July 19, 2021
Research by Velocity Smart Technology, investigating how IT departments are coping with a move to remote working, claims that almost half (45 percent) of office workers have had to wait longer for an issue to be resolved whilst working from home – with 73 percent going on to say they have had to wait up to an extra five hours for an issue to be fixed.
Some UK IT departments might take offence by these latest findings, and they have a case with almost half of the same UK respondents (45 percent) stating that it hasn’t taken any longer to resolve an issue whilst working remotely than it would in the office.
However, there is clearly room for improvement with over two thirds of UK office workers (69 percent) having had a negative experience with the IT department – either dreading it, feeling patronised, intimated or frustrated at the length of the time they have to wait to resolve a problem.
The results are part of the ‘Supporting Your Remote Workforce in 2021 and Beyond’ report, which surveyed 1000 office workers in the UK and 2000 in the USA.
Anthony Lamoureux, CEO of Velocity Smart Technology, said, “The results provide an insight into the pressure that IT departments have been under for the past 15 months, with many workplaces going from zero to full remote working almost overnight. This urgent demand undoubtedly led to many IT departments adopting quick-fixes out of a necessity to support their workforce, rather than putting in place a long term plan that can be scaled – which has resulted in poor experiences.”
The employee service from American IT department’s is only marginally better, with 60 percent of US office workers reporting a negative experience.
“Now is the time to invest in more robust technology to support remote workforces for the long term.”
In the USA however, there are larger gains to be made with more than half of office workers (52 percent) stating that they have to wait longer to get an IT problem fixed – with 76 percent of those waiting anywhere from one to five hours for a solution.
Lamoureux continues, “Now is the time to invest in more robust technology to support remote workforces for the long term. Many employees are fed up with long, gruelling commutes or have found a happy balance between home and work life and so for many businesses, this means coming to terms with the death of the traditional 9 to 5 working day and putting in place better IT provisions.”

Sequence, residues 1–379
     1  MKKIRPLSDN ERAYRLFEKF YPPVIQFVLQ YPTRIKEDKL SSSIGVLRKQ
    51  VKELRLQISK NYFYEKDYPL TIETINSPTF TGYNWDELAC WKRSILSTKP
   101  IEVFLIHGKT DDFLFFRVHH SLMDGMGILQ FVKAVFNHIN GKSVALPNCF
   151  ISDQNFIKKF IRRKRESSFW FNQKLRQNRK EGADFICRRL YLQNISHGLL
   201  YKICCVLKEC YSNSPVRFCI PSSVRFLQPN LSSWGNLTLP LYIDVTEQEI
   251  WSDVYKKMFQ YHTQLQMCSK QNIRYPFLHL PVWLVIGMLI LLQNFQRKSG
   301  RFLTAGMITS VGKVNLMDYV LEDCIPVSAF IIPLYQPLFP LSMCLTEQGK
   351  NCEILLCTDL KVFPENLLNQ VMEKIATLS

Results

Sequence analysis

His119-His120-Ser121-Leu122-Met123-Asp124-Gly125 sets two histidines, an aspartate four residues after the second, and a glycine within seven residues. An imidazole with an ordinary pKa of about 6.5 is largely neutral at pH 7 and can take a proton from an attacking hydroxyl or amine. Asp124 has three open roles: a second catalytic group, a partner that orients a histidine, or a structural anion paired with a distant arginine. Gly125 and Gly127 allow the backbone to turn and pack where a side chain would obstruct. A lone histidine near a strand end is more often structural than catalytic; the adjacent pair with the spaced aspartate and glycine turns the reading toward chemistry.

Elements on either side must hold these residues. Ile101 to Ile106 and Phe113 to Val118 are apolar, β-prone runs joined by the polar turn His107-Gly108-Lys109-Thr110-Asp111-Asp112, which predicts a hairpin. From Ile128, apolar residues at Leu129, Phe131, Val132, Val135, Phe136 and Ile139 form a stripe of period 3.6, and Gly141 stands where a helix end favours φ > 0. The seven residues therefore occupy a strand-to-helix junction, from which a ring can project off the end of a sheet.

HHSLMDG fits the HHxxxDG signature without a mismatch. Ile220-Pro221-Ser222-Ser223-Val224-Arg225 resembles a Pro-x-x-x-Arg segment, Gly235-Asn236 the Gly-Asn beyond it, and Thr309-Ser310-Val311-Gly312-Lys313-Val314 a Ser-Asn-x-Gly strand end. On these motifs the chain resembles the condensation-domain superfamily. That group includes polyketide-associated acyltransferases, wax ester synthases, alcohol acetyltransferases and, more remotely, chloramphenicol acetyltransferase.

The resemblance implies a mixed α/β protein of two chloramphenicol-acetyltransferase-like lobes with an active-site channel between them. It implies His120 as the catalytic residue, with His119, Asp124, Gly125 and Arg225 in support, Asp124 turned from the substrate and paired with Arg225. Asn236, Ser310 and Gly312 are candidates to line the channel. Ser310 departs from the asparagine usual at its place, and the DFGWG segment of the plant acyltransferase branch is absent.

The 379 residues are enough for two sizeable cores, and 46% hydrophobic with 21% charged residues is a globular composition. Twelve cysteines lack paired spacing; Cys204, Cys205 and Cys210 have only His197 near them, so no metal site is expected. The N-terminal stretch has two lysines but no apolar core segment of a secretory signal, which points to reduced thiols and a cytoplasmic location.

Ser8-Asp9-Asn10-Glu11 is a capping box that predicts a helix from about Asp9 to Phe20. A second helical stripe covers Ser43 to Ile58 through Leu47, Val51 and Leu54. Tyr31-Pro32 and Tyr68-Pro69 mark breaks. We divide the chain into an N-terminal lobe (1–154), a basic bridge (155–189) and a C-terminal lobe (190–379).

Deloitte recently published a report on “Reimagining operating models to thrive in the new normal”, calling on business leaders to let go of long-held beliefs of how and where employees must work, and instead adapt to the ‘new normal’ way of working. Indeed, the Velocity Smart research provided ideas for future innovations that UK and USA office workers think will improve local IT support:
• Over a third of UK office workers (38 percent) would welcome round the clock telephone support from an IT technician – increasing to almost half in the USA (48 percent).
• Over three quarters of UK office workers (77 percent) would welcome a smart locker being made available at or close to their office premises to provide 24/7 IT support in the event of an IT failure – increasing to 86 percent of USA office workers.
Lamoureux concludes, “At the moment, IT teams in the UK and USA are stretched beyond the limit propping up hastily constructed remote working processes, many of which include laborious repetitive tasks such as replacing broken or ineffective IT equipment. By removing these manual repetitive tasks and automating them through wholly integrated service desk applications, IT technicians and engineers can focus on solving the employee problems, and start to repair their reputation within their respective organisations.”
Image: Velocity Smart Technology